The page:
February 19, 2018
The Kern County Cake Case & Masterpiece Cake Case Compared
Former federal prosecutor, constitutional historian, and professor at Drexel’s Kline School of Law, University of Southern California Gould School of Law, and Drexel’s LeBow School of Business
*Abbreviated version of published article with permission of the Los Angeles Daily Journal 2-13-18
In the case which pundits are calling “the Kern County Cake Case,” a California superior court judge held a two-hour hearing on Friday, February 2, during which a California state agency which enforces California’s anti-discrimination laws was pitted against chief counsel of a religious freedom advocacy group, the Freedom of Conscience Defense Fund. Department of Fair Employment and Housing v. Cathy’s Creations, Inc. dba Tastries, BCV-17-102855. The issue? Should a Bakersfield baker who operates a commercial business open to the public be required to make cakes for gay weddings? The Kern County judge, a home-grown jurist and “man of faith,” found for the baker. The court ruled that cake-making is artistic expression and that when used for a wedding, “there could not be a greater form of expressive conduct.”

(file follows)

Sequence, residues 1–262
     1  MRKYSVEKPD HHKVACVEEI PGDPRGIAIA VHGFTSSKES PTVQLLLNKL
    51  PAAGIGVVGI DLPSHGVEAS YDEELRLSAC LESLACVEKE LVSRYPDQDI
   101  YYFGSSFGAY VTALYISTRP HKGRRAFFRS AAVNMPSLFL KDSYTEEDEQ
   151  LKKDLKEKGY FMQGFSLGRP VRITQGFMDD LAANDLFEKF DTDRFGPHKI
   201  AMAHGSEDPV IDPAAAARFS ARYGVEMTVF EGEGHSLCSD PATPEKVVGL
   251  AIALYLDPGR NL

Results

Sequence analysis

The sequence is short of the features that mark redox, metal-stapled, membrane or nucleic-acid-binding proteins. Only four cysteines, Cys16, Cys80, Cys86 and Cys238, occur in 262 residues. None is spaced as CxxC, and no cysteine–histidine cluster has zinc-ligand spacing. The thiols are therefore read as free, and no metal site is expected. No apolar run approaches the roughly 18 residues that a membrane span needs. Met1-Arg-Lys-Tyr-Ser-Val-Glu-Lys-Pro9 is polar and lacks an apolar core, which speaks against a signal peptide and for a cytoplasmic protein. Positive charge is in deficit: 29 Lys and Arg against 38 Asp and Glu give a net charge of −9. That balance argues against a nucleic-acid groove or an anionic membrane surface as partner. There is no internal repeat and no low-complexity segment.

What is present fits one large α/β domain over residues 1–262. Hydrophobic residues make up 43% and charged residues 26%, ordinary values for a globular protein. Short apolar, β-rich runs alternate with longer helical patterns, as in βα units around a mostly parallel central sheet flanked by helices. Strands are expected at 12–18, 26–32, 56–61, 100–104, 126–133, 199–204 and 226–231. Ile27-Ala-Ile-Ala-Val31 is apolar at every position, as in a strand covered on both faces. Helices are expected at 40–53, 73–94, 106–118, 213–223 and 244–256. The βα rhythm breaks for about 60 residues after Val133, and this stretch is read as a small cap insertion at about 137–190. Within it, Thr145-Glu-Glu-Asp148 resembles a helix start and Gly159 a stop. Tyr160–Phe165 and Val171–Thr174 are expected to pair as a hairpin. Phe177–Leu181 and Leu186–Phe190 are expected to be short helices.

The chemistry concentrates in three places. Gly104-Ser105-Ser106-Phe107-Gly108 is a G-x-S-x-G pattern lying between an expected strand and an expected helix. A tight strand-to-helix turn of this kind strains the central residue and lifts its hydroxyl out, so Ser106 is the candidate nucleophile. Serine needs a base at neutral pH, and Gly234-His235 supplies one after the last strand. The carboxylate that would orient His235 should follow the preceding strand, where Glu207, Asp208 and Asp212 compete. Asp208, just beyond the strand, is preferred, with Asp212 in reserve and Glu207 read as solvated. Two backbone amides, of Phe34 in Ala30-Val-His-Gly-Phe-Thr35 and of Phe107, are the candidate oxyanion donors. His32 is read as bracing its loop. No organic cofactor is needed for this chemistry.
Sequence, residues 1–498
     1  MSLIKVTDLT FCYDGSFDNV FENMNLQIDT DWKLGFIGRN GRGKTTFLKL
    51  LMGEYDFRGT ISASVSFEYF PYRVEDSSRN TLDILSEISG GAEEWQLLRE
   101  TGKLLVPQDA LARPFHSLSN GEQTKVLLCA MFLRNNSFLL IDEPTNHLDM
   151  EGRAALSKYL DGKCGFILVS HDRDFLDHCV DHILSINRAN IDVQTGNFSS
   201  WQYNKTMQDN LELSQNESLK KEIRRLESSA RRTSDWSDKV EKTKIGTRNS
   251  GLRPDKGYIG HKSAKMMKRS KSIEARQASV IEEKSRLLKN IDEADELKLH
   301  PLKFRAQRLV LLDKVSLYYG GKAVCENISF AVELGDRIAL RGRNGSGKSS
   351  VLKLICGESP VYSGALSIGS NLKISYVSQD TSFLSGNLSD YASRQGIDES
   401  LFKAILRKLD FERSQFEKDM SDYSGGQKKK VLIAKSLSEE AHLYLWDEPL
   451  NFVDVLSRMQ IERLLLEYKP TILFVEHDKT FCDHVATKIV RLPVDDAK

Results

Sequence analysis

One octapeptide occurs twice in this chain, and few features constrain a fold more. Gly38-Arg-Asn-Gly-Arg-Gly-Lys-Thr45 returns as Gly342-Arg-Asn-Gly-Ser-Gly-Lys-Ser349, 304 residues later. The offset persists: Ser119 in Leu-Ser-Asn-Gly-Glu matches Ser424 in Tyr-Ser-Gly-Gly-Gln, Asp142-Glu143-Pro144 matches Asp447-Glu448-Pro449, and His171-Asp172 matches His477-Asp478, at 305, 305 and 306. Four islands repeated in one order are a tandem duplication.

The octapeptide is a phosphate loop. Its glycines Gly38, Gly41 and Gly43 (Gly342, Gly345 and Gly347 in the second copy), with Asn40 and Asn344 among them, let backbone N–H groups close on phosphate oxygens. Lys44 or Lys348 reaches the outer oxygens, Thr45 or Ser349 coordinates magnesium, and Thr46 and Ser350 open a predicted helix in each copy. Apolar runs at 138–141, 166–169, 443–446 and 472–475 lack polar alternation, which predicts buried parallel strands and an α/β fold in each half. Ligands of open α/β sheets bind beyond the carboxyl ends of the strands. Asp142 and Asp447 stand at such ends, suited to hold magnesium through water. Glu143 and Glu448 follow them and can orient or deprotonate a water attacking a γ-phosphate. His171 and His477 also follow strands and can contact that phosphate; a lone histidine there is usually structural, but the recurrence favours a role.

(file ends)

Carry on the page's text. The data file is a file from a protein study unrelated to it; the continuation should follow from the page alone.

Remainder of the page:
Although the Masterpiece and the Kern County cases involve cake being sold from bakeries housed in aging mini-malls, and both matters emerge from states, some 21 in total, which have traditional anti-discrimination statutes barring discrimination in places of public accommodation including businesses open to the public, there are some notable differences.
The Masterpiece case resulted from over five years of litigation so far. The Colorado couple were turned away from their baker in July 2012, prevailed administratively and also in the Colorado courts over many years of litigation. The U.S. Supreme Court ultimately accepted cert in June 2017 and heard oral argument on the matter on December 5, 2017.
In comparison, the Kern County case is virtually a newborn. The Bakersfield couple were rebuffed by Tastries (aka Cathy’s Creations) some seven months ago, in August 2017. The couple filed a complaint two months later in October 2017, and two months after that, in December 2017, the Department of Fair Employment and Housing (“DFEH”) filed for a temporary restraining order and a preliminary injunction. The restraining order was summarily denied on the day of filing, with the court setting the preliminary injunction hearing for February 2.
The Colorado case started as an administrative complaint, while the California case was brought to life under a California civil-rights-police-power provision emanating from California’s Fair Housing and Employment Act and California’s anti-discrimination statute, the Unruh Act. The California agency is permitted to seek injunctive relief at any time in the agency’s civil rights investigation, should it conclude that discrimination is occurring and is ongoing.